Solar power has distinguished itself as the most reliable source of renewable energy, when it was most needed in the summer months of peak electricity demand. Here, I'll look at how investors can efficiently wire up an investment in this promising sector.
As the effects of climate change become more stark, the solar industry will see a continued ramp up in demand from all regions of the world. Solar has proved especially critical as China, the western United States, and Europe were hit by mega-droughts that dried up hydro power output. In addition, tailwinds for solar demand abound: We have skyrocketing natural gas prices in Europe, grid unreliability from excessive summertime heat, government incentives from the Inflation Reduction Act, the electrification of transportation, and vast improvements in battery storage. Solar is proving a vital source of carbon-free energy.
I believe the best way to play the solar sector is through the Invesco Solar ETF (TAN) -- as I wrote last November. Remarkably, the amount of capital invested in this exchange-traded fund has gone down to $3 billion from $4 billion last November, even as the TAN is up 8% year-to-date. Considering all the capital supposedly buying into climate change mitigation and green initiatives, the industry is not crowded with investors. Instead, the fossil fuel sector has seen a renaissance of investments as capital chases performance.
When investing in this critical sector, many idiosyncratic issues emerge when analyzing individual solar-related stocks. Buying TAN eliminates the difficulty of picking winners and losers within the sector.
Sunrun (RUN) , one of the top rooftop solar installers, is particularly enigmatic. Domestic homes will add rooftop solar at a record clip this year, expected to increase by about 20% to 5.6 gigawatts. The demand is spurred by high energy costs and the solar tax credits in the Inflation Reduction Act. On the one hand, demand is strong for Sunrun; on the other hand, the company may never outrun the problematic aggressive accounting treatment. Short sellers, like Muddy Water and Jim Chanos, have targeted Sunrun's questionable accounting assumptions. Yet, most analysts have a highly favorable view of the company, including as a top pick at Morgan Stanley. It's a battle where I'd rather not have direct exposure.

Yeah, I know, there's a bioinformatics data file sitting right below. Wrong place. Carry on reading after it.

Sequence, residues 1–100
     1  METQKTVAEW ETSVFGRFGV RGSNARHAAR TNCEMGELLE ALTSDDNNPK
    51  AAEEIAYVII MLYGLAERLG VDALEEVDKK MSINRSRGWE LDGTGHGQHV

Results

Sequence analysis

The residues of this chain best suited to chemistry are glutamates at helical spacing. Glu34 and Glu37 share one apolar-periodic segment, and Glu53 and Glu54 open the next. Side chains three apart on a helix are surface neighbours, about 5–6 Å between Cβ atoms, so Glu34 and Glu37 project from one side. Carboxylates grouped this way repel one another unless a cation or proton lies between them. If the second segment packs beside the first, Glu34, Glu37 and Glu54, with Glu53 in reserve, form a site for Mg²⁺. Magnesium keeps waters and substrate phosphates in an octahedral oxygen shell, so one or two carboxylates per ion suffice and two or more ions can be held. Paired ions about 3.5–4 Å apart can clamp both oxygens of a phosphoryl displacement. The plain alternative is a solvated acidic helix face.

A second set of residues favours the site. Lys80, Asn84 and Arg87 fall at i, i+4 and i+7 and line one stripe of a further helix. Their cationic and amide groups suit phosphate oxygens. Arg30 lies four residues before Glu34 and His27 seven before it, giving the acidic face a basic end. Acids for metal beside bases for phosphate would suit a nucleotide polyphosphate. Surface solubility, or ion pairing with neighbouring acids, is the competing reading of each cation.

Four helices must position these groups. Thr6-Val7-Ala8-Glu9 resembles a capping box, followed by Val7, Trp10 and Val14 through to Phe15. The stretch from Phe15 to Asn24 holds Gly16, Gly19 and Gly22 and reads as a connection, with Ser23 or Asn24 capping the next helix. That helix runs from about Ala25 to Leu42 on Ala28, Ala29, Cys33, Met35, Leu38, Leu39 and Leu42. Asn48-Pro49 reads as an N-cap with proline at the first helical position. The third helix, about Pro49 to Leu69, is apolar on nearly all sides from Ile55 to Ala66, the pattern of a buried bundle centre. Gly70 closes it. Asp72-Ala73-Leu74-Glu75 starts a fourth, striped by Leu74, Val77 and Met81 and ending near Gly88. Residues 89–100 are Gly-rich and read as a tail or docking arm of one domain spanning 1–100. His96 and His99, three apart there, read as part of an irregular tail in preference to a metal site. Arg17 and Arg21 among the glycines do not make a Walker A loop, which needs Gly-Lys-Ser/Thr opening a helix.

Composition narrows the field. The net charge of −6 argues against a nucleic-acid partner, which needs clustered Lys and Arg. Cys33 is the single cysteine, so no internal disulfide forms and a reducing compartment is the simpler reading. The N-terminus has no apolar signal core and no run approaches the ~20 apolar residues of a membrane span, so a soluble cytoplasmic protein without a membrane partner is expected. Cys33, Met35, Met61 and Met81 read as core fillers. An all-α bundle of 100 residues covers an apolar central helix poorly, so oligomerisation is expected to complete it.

The top component in TAN, Enphase (ENPH) , is a powerhouse in solar components for energy conversion efficiency and battery storage. Enphase is one of the few highly valued growth stocks that has retained its premium valuation even as growth stocks in general have declined significantly. At a 70 multiple to earnings, having direct exposure in a volatile bear market can seem imprudent, but some exposure through TAN is far more palatable.
I've never recommended owning a company domiciled in China due in part to accounting opaqueness and ownership structure uncertainties. TAN has about a 20% exposure to Chinese companies, including panel maker JinkoSolar (JKS) and polysilicon supplier Daqo New Energy (DQ) . These stocks have, at times, suffered China-specific pullbacks related to governance, audit requirements, and production utilizing the forced labor of Uighurs, the Turkic ethnic group in Northwest China. Nonetheless, these companies are still integral to the solar universe in need of panels, raw materials, and components. The ETF's China-related weighting of around 20% seems a reasonable risk for solar diversification.
Solar tariffs have befuddled investors for years, alternatively advantaging domestic panel producers like First Solar (FSLR) and Chinese importers. Rooftop installers that benefit from cheaper imports and unconstrained supply are often caught in the middle of tariff actions. For years, First Solar was among the lowest-rated stocks, but its fortunes have turned quickly with the Inflation Reduction Act. When underlying demand has massive secular strength, positive catalysts have higher probabilities.
One of the top domestic producers of various solar components, Solaredge Technologies (SEDG) , recently was the target of a patent infringement complaint. While the stock has weakened in light of the litigation, the case and appeals could drag on well in 2023.
The solar industry is too critical for future electricity production in a world in need of more carbon-free energy. Using renewable energy is one of the top priorities of almost every large corporation and nation, which could only become more important in time. However, idiosyncratic issues make investing in individual stocks in the sector a challenge. In aggregate, owning TAN is the best way to get exposure to an industry with forces at work creating insatiable demand for years to come.